Novelists drew upon the new "journalistic" tradition (less reliable than contemporary journalism)criminal biographies and autobiographies (sensational stories of high-profile criminal exploits, often ending with the criminal's contrived repentance), spiritual autobiographies, conduct books (contemporaneous etiquette books ranging from proper titles for the nobility to appropriate topics of conversation for women), travel narratives (often fantastic and rarely accurate accounts of distant places written by explorers, and others, retelling tales told them), religious allegories, and historiesto construct their novels. For example, in Robinson Crusoe (1719), Daniel Defoe fuses news (reports of the castaway Alexander Selkirk), the Puritan spiritual autobiography, the religious allegory, and the travelogue into a tale now considered a representative early novel.
There is much debate about the role of the French romance in the development of the English novel. On the one hand, Ros Ballaster argues that the French romance and scandal chronique (popular in France and England), laid the groundwork for the early English novels, especially the novels written by women such as Eliza Haywood. Her Love in Excess (1719), has the markings of a scandal novel, rich with intrigue and sex. Oftentimes these novels were thinly veiled political attacks on ruling parties; these works now are labeled "amatory fiction."
On the other hand, Lennard Davis, argues that the French romance is not the root of the novel, but that the novel is more closely tied to the English news traditions outlined above; the novel has multiple beginnings. Ballasters argument works well with one set of texts, and Daviss argument with another, therefore, one could conclude that the novel had not yet solidified into the form recognized today, and most important; women writers were drawing upon different literary traditions, in fashioning the new genre, than were men writers.
Around 1740, England's taste for scandal decreased, and the desire to reform morals and manners took hold. Samuel Richardson's Pamela (1740) often is seen as the first novel embodying this new social trend. In it, he claimed he would "instruct" and "entertain"; it became one of the first "bestsellers". It is the story of maid, who, through chastity, wins the heart of her master and becomes his wife. Richardson's contemporary readers were treated to what they identified as a new level of lietrary "realism" in Pamela; Ian Watt argues that this novel inaugurated the psychological novel genre, because it focused on the psyche of one character, though many argue that this distinction should be awarded to William Godwins Caleb Williams (1795). Richardson achieved this feat through epistolarity, i.e. the novel is a series of Pamela's letters to her parents. This style became popular after Pamela, and writers such as Frances Burney adopted it.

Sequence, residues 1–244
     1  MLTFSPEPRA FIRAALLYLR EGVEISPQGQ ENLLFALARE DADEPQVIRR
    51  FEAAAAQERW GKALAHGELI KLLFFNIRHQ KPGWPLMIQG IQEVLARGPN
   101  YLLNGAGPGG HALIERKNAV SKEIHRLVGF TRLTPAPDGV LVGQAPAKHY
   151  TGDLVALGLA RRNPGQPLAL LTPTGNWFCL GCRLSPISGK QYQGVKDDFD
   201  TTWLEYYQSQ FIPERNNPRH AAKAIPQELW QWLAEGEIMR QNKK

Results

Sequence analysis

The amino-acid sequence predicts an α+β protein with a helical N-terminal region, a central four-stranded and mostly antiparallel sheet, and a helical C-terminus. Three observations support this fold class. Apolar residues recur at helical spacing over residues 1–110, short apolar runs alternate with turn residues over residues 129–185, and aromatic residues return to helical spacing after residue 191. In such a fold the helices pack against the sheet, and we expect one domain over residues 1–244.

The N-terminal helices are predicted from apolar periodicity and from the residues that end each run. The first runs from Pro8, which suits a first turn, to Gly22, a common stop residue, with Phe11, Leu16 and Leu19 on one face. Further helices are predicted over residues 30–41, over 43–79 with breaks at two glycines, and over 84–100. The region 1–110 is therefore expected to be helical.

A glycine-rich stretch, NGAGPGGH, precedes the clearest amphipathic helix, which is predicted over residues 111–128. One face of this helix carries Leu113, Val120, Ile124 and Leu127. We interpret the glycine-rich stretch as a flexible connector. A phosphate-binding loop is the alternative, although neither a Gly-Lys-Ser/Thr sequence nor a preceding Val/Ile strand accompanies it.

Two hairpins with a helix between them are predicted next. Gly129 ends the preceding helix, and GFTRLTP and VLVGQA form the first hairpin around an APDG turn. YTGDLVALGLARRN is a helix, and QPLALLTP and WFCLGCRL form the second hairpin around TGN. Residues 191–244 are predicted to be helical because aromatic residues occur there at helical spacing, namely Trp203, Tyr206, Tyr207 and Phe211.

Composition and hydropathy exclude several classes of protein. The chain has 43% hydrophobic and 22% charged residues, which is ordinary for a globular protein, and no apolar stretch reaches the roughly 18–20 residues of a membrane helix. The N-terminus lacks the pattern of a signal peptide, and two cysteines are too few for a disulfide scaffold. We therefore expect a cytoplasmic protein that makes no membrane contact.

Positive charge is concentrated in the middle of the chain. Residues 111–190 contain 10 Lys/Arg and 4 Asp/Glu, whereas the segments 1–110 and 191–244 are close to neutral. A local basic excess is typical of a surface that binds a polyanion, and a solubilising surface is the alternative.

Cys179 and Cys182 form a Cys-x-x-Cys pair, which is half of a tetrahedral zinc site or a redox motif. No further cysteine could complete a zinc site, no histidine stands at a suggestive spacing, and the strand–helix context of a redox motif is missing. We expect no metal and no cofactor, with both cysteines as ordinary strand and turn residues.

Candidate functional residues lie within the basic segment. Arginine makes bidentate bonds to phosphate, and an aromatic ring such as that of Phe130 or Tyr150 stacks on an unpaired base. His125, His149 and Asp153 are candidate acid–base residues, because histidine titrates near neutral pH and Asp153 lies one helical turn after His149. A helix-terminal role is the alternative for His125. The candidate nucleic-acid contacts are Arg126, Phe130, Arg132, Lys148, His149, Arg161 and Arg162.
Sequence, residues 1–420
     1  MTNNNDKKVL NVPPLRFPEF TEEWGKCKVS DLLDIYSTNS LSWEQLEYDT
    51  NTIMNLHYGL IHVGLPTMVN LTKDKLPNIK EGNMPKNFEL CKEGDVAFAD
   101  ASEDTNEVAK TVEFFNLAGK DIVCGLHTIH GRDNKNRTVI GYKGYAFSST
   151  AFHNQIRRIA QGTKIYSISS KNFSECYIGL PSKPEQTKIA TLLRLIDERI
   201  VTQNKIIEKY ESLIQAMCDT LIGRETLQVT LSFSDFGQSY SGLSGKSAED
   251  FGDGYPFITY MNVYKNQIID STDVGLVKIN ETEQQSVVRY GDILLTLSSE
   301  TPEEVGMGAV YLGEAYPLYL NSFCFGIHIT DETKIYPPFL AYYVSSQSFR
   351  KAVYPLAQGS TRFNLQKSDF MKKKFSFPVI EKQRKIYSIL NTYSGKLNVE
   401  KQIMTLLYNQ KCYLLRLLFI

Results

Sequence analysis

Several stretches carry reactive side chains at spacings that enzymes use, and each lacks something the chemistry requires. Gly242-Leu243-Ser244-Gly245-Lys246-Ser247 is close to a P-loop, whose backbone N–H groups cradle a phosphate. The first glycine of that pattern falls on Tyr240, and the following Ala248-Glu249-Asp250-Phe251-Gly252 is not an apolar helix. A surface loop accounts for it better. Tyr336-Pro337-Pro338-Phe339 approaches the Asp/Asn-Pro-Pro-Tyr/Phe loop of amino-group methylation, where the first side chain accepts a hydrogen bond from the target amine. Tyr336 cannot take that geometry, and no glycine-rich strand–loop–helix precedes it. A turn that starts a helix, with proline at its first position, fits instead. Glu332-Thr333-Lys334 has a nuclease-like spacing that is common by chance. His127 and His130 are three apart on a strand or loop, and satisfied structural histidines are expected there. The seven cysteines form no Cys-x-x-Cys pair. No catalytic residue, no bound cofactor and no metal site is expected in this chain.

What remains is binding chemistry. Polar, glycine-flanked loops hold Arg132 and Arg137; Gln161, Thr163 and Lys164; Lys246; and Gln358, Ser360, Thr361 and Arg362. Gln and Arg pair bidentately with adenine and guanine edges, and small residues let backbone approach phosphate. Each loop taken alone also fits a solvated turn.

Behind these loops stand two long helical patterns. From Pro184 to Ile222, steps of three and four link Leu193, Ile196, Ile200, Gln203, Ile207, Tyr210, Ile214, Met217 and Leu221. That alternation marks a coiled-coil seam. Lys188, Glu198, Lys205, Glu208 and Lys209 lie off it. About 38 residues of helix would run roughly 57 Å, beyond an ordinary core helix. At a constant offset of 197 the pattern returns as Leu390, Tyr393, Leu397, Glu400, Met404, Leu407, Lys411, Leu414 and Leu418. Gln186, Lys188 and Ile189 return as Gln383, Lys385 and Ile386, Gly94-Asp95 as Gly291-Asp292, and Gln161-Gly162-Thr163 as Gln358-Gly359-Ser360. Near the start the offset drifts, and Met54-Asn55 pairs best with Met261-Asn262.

In 1749, Henry Fielding published Tom Joneshis major, novelistic response to Pamela, decrying what he saw as "vulgar" or "low" language in Pamela, and its leveling theme. The hero of Tom Jones, a seeming orphan, begins as a rake, reforms, and discovers he is an aristocrat, thus gaining his fortune. Fielding saw himself as reinstating the proper social hierarchy that Richardson challenged. He also was trying to lay the foundations for the new genre, denouncing Richardsons popular style, and describing his own novel as a comic epic in prose, hearkening to the Classical tradition. Fielding tried to legitimize his novel with classical allusions, but he still appealed to the popular audience with raucous and bawdy jokes.
During that time, the genre of the novel became "fixed", i.e. readers knew what to expect. Typically, the novel was the story of the education, in the broadest sense, of a protagonist. The more experimental, "messy", novels, those whose plots were convoluted or non-existent, from earlier in the century, such as the scandal novels of Eliza Haywood, fell by the wayside.
At mid-century, these two novels, and others, spawned the novel of sensibility. In it, the protagonist, most often a young woman, naively encounters the world and learns to refine her natural goodness. Sensibility was a character trait important in the mid- to late-eighteenth century. A person with sensibility was attuned with nature and was easily, and rightly, affected by the feelings of others; the "sensible" person noticed the hurt of others and was a barometer of social morality. An excellent example of this type of novel is Frances Burney's Evelina (1778), wherein the heroine, while naturally good, in part for being country-raised, hones her politeness when visiting Londonshe is educated into propriety. This novel also is the beginning of "romantic comedy".
At the end of the eighteenth century, sensibility's value was questioned, as it made its bearers, particularly women, too overwrought and too prone to imagining worlds beyond their appointed ones. These anxieties are in the rise of the Gothic novel, at century's end. The Gothic novel's story occurs in a distant time and place, often Renaissance Italy, and involved the fantastic exploits of an imperiled heroine. The classic Gothic novel is Ann Radcliffes The Mysteries of Udolpho (1794). As in other Gothic novels, the notion of the sublime is central. Eighteenth-century aesthetic theory held that the sublime and the beautiful were juxtaposed. The sublime was awful (awe-inspiring) and terrifying while the beautiful was calm and reassuring. The characters and landscapes of the Gothic rest almost entirely within the sublime, with the heroine the great exception. The beautiful heroines susceptibility to supernatural elements, integral to these novels, both celebrates and problematizes what came to be seen as hyper-sensibility.